Inside a Family-to-Family experience
"It's really hard to get better if you don't know how to get better.”
That's how Demi Aretae (pictured left) sees it — and she really wants to help people get better. It’s one of the reasons she’s moving into counseling, following an IT career. She’s also volunteering as a producer for NAMI Colorado Springs’ virtual Family-to-Family classes — where she’s developed a unique perspective on how they make struggling people feel … better.
“The first class is almost like a deer-in-headlights experience,” she says.” A lot of the people are like, ‘What am I going to do? I have no answers.’ And at the end of class, they're like, ‘OK, you know, I don't have all the answers … but I have these two.’ Nobody has the same two answers. But they all have their first two steps, and that is something. That is empowering. Every time.”
Family-to-Family is an evidence-based program for people who love someone with a mental health condition. Once a week for eight weeks, students learn about conditions such as bipolar disorder, schizophrenia and major depression; develop new coping skills and communication techniques; and pick up advocacy strategies for supporting their loved ones.
Demi has produced two courses via Zoom, helping students with technical questions and managing uploads, screen sharing and the chat. She’s seen it help all sorts of people: parents and spouses, retirees and military members, people who are desperate to share their stories and those who come in extremely guarded.
“I've met a couple of people who, at the first class, didn't want to talk,” she says, “and by the third class they talk. Just to know that it's a safe space to talk about these things that are hard to talk about with other people, I think that's important.”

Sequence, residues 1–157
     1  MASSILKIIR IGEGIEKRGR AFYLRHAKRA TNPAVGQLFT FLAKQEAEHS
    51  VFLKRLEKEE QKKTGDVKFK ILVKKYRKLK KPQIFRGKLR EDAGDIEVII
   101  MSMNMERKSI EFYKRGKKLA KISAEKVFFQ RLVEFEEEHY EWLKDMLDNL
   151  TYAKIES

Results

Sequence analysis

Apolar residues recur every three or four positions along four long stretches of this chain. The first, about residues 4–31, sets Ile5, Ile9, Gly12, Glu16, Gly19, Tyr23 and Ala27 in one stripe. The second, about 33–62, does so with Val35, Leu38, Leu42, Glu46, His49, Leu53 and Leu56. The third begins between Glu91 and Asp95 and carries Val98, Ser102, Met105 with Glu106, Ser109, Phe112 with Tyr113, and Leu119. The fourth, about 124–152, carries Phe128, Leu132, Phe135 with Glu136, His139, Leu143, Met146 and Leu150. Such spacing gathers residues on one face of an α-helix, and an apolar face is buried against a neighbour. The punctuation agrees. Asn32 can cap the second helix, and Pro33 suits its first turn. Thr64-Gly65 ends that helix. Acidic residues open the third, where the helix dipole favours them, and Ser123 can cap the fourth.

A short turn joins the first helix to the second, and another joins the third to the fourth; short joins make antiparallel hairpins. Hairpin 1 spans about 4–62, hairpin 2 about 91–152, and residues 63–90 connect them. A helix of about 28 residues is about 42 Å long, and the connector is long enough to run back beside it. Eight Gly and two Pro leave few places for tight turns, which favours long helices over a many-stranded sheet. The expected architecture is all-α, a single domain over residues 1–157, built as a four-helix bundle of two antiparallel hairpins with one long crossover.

NAMI never tried virtual Family-to-Family classes before COVID. But Demi has seen it work: “If you are both present and honest, then the connection follows.”
For example, she remembers a woman sharing a heart-rending story about having a hard time with her loved one. “One of the other ladies in the class said something like, ‘Oh, I remember that.’ She kind of picked up the other lady's story … they had such similar experiences that she could pick up this other person's story. And the first lady, she started crying because she was so moved.
“It’s a different experience when someone is across the room from you, or in Zoom with you, and you recognize their problem. You recognize their pain.
“It is a really, really powerful thing that NAMI gives away for free.”
Grants and donations are what make it possible for us to offer Family-to-Family — and all of NAMI’s courses, support groups and presentations — for free. If you haven’t already in 2021, please consider supporting NAMI via:
• the Give! campaign, which runs through Jan. 3;
• a check sent to NAMI Colorado Springs, 1615 S. Murray Blvd., Colorado Springs, CO 80916;
• or the Empty Stocking Fund, which runs through Jan. 21, and where each gift is divided among NAMI and 19 other local health and human service agencies.
Occasional news items and tidbits from the office of NAMI Colorado Springs.